Who could be afraid of some cute little bunnies, birdies and a deer? Well, when they are making strange noises and shadows at night they could frighten anyone, even a big furry Yeti. Authors Greg Long and Chris Edmundson and illustrator Wednesday Kirwan creatively address the common childhood issue of being afraid of the dark in Yeti, Turn Out the Light! As the day comes to an end, Yeti returns home from the forest and gets ready for bed. He gets cozy under the covers and turns out the lights. Even though Yeti is tired, he can’t seem to fall asleep because of the frightening shadows in his room. Is it a monster coming to get him? No! It’s just some of his woodland friends who have joined him for an impromptu sleepover. Bright illustrations and rhyming text make this an excellent book to share with your little one.
To further help your child explore their fear of the dark at bedtime, try Let’s Sing a Lullaby with the Brave Cowboy by Jan Thomas. Using bright, cartoon-like illustrations, Thomas shows how a brave cowboy’s imagination gets the best of him as he tries to sing the cows to sleep. Children may also like I Want My Light On!: A Little Princess Story by Tony Ross. When the little princess goes to bed, she insists that the light be left on because she believes there are ghosts in the dark. As it turns out, little ghosts are just as afraid of the dark.
Barbara Park, bestselling author of the beloved Junie B. Jones series, among other children’s books, passed away on Friday at the age of 66 after a long battle with ovarian cancer. The series Park was best known for followed the irrepressible Junie B. and her kindergarten (and later first grade) classmates as they encountered everyday situations that vex the average 5- or 6-year-old. Starting with Junie B. Jones and the Stupid Smelly Bus, these books have entertained countless first-time readers. Aside from activity books and other related Junie B. material, Park published 28 Junie B. Jones titles.
Beyond Junie B., Park also excelled at writing other children’s books. Two of her best-known have been contemporary classics since their publication. Skinnybones follows the smallest kid on his baseball team who unfortunately also has the biggest mouth. For older kids, the tragic story Mick Harte Was Here covers the aftermath of a sister coping with the biking death of her brother. Acclaimed author Judy Blume was among the many who, over the weekend, spoke about Park’s enduring legacy, stating that some of Junie B.’s admirers confused the two: "I'd always say, 'I didn't write them, but I wish I had."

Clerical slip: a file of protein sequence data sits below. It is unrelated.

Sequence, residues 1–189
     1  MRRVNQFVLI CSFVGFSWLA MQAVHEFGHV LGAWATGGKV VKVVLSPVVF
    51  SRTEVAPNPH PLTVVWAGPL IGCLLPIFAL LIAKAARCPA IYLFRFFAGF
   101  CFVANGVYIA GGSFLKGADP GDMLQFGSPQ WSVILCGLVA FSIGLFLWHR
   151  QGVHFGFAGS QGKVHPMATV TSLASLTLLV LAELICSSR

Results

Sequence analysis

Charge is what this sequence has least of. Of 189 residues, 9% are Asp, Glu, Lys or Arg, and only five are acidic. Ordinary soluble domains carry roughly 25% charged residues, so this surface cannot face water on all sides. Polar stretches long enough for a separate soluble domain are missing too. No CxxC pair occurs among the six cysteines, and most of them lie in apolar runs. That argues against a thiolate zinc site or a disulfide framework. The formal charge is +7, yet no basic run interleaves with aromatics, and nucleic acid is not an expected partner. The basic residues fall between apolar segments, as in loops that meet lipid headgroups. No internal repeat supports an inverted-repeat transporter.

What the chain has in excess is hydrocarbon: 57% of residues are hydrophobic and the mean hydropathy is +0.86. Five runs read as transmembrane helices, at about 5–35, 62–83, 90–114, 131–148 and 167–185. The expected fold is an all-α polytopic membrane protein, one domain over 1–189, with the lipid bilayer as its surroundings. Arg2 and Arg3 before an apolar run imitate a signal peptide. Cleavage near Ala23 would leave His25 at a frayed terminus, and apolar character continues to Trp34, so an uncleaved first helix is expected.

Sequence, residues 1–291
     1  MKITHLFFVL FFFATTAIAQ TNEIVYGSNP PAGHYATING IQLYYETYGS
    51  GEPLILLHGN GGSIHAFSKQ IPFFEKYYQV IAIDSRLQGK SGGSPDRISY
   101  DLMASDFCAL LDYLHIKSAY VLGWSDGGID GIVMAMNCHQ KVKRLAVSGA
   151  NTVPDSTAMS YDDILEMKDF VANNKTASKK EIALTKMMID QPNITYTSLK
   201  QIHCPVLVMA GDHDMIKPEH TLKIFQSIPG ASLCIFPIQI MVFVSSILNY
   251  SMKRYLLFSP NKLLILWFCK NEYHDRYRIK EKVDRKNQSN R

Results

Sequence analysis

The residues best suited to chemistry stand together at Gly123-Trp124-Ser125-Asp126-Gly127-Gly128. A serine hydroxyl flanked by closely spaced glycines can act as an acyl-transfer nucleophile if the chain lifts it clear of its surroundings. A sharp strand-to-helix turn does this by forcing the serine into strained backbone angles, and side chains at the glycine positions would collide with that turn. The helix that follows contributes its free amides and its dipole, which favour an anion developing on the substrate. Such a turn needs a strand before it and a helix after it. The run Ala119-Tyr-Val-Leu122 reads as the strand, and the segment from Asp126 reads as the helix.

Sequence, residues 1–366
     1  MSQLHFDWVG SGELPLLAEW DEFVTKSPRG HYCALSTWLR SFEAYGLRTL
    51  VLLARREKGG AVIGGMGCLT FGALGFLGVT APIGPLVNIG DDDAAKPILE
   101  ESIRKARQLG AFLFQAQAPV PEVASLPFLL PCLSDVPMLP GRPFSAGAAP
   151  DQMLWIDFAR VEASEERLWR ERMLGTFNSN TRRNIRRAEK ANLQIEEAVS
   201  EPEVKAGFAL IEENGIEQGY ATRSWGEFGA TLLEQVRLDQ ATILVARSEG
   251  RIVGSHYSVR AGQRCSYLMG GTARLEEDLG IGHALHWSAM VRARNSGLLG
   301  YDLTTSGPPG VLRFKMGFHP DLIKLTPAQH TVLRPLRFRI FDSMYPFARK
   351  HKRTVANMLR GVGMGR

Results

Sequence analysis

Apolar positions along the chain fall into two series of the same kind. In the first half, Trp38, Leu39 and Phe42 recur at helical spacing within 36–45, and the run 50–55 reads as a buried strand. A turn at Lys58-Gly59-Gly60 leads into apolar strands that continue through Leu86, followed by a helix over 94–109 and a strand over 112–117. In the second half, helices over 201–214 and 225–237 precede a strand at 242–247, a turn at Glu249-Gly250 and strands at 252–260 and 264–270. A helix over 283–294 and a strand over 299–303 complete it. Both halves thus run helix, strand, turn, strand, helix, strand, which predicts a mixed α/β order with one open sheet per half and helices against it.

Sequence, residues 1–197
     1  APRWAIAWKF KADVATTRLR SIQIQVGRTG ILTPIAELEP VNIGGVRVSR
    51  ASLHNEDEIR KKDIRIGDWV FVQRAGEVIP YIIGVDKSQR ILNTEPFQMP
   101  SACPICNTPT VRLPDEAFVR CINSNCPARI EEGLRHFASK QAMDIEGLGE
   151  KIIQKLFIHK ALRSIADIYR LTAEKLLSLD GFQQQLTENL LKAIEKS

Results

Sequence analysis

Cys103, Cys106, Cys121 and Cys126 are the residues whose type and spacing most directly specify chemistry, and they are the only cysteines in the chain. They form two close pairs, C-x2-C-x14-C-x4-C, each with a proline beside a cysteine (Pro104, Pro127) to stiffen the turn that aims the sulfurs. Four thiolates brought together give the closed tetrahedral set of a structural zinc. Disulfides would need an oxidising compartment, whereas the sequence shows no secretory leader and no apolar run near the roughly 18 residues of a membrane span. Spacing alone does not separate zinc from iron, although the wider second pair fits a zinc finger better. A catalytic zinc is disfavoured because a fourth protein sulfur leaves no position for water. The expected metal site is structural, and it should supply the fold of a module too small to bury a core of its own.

With a chill in the air and the holidays right around the corner, now is the perfect time to experiment with recipes from these new cookbooks. Heather Bertinetti’s Bake It, Don't Fake It!: A Pastry Chef Shares Her Secrets for Impressive (and Easy) From-Scratch Desserts is the go-to guide for those of us who want to impress family and friends with tasty desserts made from scratch. With recipes like Raspberry Almond Tart with Chantilly Cream, Dulce de Leche Cheesecake, Chocolate Hazelnut Cake, Bourbon-Chocolate Pecan Pie and Red Velvet Macarons, Bertinetti’s desserts will dazzle your family and friends, but her foolproof tips and techniques make them accessible for even less-experienced bakers. This book is filled with mouthwatering recipes and plenty of color photos to make it easy for you to create these tempting treats. It includes a foreword by TV personality and Food Network star Rachael Ray, and it is part of Ray’s new line of cookbooks published by Atria Books.